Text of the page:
Max Graham

Transport, Vol. 4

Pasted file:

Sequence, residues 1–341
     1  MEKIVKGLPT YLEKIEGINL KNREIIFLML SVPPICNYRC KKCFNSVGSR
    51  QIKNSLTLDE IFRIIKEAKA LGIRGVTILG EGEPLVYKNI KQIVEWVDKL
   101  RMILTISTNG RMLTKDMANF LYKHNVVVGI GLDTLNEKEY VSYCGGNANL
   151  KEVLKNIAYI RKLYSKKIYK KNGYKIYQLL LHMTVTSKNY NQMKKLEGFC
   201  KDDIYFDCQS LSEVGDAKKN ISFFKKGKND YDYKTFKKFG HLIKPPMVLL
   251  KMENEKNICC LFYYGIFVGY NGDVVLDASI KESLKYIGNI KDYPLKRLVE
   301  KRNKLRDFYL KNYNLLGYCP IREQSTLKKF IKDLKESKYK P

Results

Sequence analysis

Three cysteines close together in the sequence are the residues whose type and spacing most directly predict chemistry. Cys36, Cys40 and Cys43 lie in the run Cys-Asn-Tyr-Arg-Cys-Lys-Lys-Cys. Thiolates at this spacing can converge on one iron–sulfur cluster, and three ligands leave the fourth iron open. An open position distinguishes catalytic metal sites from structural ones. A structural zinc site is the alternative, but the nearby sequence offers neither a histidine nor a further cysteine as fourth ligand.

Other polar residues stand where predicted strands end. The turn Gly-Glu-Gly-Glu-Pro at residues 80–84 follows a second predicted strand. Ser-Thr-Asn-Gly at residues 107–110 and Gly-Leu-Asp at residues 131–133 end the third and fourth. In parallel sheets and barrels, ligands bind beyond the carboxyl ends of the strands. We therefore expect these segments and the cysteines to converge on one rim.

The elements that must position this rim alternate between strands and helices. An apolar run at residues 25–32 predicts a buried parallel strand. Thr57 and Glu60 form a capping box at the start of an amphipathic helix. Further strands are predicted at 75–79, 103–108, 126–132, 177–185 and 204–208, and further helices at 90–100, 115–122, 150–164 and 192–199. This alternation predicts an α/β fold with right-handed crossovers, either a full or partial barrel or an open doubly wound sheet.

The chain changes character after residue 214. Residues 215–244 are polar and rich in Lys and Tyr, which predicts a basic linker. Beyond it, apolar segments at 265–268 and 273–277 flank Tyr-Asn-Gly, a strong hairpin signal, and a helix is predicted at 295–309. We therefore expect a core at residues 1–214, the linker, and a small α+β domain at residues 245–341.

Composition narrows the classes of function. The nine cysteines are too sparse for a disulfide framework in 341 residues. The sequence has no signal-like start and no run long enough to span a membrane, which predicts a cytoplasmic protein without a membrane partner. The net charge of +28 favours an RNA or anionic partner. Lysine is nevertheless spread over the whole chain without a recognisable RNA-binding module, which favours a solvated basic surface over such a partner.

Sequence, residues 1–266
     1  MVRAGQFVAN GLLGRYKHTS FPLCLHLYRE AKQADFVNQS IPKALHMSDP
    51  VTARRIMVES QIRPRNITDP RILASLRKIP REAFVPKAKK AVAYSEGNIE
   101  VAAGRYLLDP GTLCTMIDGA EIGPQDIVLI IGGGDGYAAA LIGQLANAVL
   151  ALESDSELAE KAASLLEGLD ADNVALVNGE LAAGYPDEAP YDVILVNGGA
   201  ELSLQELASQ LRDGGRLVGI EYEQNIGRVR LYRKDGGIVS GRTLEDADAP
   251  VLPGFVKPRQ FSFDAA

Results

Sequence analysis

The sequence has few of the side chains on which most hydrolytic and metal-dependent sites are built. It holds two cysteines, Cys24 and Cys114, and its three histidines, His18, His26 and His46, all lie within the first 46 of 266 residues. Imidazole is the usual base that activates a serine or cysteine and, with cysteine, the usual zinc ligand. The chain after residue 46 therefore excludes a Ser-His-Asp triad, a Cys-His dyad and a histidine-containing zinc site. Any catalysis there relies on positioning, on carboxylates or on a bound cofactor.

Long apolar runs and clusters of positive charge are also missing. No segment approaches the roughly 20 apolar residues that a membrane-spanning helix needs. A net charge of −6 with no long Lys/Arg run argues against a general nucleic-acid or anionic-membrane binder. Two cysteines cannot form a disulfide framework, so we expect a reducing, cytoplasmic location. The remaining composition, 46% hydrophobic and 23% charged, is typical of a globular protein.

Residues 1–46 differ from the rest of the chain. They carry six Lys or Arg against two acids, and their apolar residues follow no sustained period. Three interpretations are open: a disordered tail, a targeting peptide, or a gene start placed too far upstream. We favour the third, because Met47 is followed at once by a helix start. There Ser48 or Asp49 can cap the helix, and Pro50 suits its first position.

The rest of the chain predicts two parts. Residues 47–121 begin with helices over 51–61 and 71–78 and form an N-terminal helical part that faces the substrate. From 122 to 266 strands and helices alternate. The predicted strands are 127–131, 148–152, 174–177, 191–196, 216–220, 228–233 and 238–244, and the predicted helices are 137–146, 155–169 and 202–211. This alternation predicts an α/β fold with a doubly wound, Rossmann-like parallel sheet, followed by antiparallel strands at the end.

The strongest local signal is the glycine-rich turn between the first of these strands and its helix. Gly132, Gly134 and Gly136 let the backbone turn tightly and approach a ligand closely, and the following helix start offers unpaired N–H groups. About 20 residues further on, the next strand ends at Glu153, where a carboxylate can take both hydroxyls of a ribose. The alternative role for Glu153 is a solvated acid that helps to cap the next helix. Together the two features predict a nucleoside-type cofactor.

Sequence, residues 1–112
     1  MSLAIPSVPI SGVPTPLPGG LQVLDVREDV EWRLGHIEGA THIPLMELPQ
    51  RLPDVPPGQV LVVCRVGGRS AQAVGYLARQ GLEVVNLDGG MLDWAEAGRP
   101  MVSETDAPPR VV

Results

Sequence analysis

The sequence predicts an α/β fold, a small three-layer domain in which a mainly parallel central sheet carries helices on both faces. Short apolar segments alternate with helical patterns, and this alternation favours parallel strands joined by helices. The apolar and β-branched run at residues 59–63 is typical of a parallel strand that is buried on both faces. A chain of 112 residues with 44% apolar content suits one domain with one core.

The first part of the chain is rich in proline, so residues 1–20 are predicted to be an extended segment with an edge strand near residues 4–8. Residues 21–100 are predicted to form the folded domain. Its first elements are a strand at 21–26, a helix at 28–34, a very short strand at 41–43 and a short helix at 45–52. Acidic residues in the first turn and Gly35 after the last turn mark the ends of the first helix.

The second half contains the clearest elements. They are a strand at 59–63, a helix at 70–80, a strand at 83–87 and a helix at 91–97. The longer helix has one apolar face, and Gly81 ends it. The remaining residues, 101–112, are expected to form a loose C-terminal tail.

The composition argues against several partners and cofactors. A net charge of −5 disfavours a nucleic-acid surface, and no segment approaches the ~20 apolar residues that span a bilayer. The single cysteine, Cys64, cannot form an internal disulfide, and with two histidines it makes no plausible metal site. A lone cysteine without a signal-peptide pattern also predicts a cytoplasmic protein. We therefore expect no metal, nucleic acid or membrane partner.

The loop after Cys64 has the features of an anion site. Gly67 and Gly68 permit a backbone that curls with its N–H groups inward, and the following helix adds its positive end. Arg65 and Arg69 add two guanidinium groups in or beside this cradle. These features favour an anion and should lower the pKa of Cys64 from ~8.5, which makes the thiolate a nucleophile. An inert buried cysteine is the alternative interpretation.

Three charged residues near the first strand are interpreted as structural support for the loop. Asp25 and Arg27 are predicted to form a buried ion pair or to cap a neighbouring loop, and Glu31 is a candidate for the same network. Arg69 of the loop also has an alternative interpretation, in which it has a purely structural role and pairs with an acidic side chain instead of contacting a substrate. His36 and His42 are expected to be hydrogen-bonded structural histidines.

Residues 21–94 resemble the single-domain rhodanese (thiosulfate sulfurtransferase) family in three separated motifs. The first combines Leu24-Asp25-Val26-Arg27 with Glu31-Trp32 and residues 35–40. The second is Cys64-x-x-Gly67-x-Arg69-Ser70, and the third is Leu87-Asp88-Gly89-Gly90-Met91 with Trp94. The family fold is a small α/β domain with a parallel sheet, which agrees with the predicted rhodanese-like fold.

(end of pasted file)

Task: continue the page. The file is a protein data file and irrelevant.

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As the fourth annual DJ chosen to represent Kinetic's popular Transport mix-album franchise, Max Graham officially enters the major league of international DJs from a stateside point of view. Given the amount of hype surrounding Montreal-based Canadian in early 2001, expectations were definitely high for Transport 4. Thankfully, Graham lives up to his mammoth reputation with this double-disc mix, proving that he indeed deserves his place on the growing pedestal of true "superstar" DJs. First of all, don't let the fact that Kinetic slyly changed the name of their series from Tranceport to Transport fool you -- though the savvy label may wish to distance itself from the inevitable trance backlash of 2001, Graham is a fairly straightforward trance DJ and fills his mix to the brim with the numbing sound. From the opening ambience of the album to its dizzying climax, glossy waves of swirling ambience and saccharine melodies wash atop one another with many of the tracks lasting upwards of ten minutes apiece; they call this trance for a reason, and Graham certainly knows how to mesmerize listeners, his set teetering perfectly on that paradoxical balance of meditative ambience and searing intensity -- the druggy sound of heart-pounding aural bliss unconcerned with funk, aggression, and intellect. For the most part, Graham plays it safe with his track selection as you'd expect given this album's mass appeal. Sure-fire producers such as Hybrid, Underworld, and Timo Maas carry the album during its most pivotal moments, while Graham proves himself to be a gifted producer -- his three contributions just may be the album's standout moments. Overall, don't expect any surprises here, just a well-assembled, no-brainer set of contemporary trance; Graham reached this point in his career by playing proven, popular records, not by being innovative or by taking chances.

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